The Poetry of Slavery is the first book to collect the most important works of poetry generated by English and North American slavery. Mixing poetry by the major Anglo-American Romantic poets (Blake, Coleridge, Wordsworth, Shelley, Keats, Whittier, ...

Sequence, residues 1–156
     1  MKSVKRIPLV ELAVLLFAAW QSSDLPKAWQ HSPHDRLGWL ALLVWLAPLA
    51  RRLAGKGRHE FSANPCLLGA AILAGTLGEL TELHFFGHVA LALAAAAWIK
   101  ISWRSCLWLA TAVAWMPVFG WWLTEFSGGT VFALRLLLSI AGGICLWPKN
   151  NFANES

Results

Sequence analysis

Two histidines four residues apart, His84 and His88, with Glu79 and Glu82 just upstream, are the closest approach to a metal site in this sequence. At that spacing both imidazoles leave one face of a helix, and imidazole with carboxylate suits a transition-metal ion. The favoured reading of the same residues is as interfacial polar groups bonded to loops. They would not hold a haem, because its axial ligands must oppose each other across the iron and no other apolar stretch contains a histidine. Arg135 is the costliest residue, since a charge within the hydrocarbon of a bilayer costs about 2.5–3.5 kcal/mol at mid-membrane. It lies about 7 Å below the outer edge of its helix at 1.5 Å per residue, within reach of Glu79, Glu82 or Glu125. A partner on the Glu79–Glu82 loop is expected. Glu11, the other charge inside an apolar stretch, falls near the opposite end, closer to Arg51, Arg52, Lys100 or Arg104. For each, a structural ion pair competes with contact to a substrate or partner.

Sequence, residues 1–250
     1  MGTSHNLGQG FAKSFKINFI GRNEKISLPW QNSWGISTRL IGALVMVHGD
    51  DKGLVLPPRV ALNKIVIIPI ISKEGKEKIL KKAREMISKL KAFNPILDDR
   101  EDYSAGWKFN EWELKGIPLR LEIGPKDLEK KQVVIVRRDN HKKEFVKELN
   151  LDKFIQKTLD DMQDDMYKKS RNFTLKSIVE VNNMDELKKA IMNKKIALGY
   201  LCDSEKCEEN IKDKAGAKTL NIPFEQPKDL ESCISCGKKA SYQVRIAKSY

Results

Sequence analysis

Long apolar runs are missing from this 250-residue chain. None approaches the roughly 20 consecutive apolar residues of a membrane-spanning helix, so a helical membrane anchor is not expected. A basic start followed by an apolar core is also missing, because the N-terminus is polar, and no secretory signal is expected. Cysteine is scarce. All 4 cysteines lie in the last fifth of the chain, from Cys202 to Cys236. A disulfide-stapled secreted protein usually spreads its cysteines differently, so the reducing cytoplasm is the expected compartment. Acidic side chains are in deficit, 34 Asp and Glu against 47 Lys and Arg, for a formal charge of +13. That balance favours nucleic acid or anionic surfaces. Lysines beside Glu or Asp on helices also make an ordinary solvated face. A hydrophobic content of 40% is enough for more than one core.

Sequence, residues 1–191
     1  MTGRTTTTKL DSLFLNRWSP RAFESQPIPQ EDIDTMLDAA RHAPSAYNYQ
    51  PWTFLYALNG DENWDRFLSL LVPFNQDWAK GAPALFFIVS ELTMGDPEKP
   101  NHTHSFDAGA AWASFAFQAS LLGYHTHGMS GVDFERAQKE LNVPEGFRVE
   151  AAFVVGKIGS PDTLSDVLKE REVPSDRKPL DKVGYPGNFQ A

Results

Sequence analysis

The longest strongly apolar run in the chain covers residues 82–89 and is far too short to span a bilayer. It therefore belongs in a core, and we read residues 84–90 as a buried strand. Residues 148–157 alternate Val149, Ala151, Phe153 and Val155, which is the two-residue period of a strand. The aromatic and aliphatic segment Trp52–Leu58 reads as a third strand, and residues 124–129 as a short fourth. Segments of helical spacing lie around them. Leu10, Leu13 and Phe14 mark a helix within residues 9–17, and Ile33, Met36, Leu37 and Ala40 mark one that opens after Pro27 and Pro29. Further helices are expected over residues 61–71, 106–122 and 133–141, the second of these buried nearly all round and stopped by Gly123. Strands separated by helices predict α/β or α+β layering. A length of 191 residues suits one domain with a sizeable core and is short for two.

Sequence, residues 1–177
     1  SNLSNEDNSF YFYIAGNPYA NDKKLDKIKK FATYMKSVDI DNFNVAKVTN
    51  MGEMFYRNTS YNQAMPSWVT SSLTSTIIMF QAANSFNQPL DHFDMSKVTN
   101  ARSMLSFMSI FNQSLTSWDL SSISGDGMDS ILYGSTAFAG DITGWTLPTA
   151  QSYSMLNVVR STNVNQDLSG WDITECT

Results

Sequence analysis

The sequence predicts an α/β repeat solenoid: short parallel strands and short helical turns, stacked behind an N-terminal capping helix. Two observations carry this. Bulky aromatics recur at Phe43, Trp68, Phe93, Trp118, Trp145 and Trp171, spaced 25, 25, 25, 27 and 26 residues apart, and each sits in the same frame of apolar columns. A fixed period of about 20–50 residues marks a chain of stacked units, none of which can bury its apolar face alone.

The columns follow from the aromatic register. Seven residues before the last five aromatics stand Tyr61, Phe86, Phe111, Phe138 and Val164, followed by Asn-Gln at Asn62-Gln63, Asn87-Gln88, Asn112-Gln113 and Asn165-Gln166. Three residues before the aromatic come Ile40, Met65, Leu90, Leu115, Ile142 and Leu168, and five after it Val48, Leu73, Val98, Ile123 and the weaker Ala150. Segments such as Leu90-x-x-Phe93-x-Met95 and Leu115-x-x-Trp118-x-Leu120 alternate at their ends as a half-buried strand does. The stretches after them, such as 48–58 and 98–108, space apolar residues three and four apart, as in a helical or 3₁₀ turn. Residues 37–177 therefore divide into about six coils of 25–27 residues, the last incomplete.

Longfellow, Lowell, Whitman, Melville, Dickinson) with curious, and sometimes brilliant verse by a range of now forgotten literary figures, the anthology is designed to aid students and teachers address the Anglo-American cultural inheritance of slavery. The anthology is also distinguished by its formal variety: abolition publicity in general, and poetry in particular, drew on new publishing modes which became available. Consequently the poems come from a publishing base which takes in handbills, broadsides, print satire, song sheet, and chap book songsters, illustrated adult and children's books, children's toys, novels, slave testimony and narrative, and private manuscripts as well as the expected published volumes of verse. This is a body of work created on two continents by women and men, blacks and whites, slaves, ex-slaves and freemen and women; it is a body of work which is as relevant to the developing memory of slavery now, as it was when it was written.